Twenty five years ago, an unlikely superhero joined the ranks of cartoon do-gooders everywhere: Darkwing Duck.
An afternoon Disney show, it featured a cast of familiar looking ducks and other anthropomorphic animals. Even more, it featuring Ducktales supporting character Launchpad in a major role, and had appearances from other Ducktales characters like Gizmoduck and the Beagle Boys. But now creator Tad Stones says that Darkwing Duck actually ISN’T a spin-off of Ducktales. What?!
Two Universes, Two Launchpads
According to Stones, even though the two shows share characters, Darkwing Duck actually takes place in an alternate universe:
“Because Launchpad appeared in DuckTales and we used Roboduck as the Superman character, the hero who gets all the glory as opposed to Darkwing, fans try to connect the two realities. They are two different universes in my book. We work in the alternate Duckiverse,” says Stones.
(By the way, Stones used the name “Roboduck,” but he’s clearly referring to Gizmoduck. It’s been 25 years — we’ll forgive him for the slight).
Darkwing Duck came about when Disney chairman Jeffrey Katzenberg was impressed by a Ducktales episode called ‘Double-O Duck,’ which featured goofball pilot Launchpad McQuack as a secret agent.
When Katzenberg asked Stones to try and spin the idea into a new series, he didn’t care for the pitch that Stones delivered. A second attempt moved away from Launchpad and the secret agent angle (it turned out that James Bond producer Cubby Broccoli owned the rights to the “double-o” name anyway).
The new version was inspired by Golden Age comic book heroes like The Shadow, Green Hornet, and Batman. It featured mild-mannered Drake Mallard living in the suburbs with his adopted daughter Gosalyn in the city of St. Canard. With the help of his sidekick, Launchpad, he spends his nights as the titular hero, Darkwing Duck — the terror that flaps in the night.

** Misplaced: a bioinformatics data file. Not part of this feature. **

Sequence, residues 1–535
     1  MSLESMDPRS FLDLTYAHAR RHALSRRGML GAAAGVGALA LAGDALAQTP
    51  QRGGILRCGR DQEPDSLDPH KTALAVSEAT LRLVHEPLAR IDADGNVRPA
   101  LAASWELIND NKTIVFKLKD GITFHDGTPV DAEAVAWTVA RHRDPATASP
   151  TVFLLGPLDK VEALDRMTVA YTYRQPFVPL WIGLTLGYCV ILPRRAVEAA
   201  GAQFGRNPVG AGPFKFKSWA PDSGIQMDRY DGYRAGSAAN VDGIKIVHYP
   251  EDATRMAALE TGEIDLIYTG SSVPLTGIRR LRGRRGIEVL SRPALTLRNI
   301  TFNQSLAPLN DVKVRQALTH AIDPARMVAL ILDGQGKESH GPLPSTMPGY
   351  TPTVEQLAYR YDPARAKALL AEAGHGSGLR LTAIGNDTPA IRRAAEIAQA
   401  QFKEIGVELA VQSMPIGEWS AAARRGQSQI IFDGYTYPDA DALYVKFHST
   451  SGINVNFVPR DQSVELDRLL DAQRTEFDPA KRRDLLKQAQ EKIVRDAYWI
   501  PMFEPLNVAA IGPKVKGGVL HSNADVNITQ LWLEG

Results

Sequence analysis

Disney Continuity Confusion
If the revelation that Ducktales and Darkwing Duck take place in separate universes is shocking, an explanation may lie in Stones’ opinion of continuity as a whole:
“It drives fans crazy, but I was not a huge fan of continuity,” says Stones. “I grew up with Silver Age continuity with the comics. Yeah, I know Lois Lane doesn’t know Clark Kent is Superman. She suspects something. Jimmy Olsen’s his pal. He went to high school with Lana Lang. The basics everybody knew. But there was really no arc or change. Every time you picked up a comic, you knew where you were starting.”
Darkwing Duck Forever
While there are currently no plans for Darkwing Duck to the return to the airwaves anytime soon, Ducktales is currently being rebooted for a brand-new animated series to debut sometime in 2017 on Disney XD. If you’re still hungry for more adventures with Darkwing and Launchpad though, fear not. A new ongoing comic book series from Joe Books was launched earlier this year with writer Aaron Sparrow and artist James Silvani, both of whom worked on Boom! Studios’ Darkwing Duck title in 2011.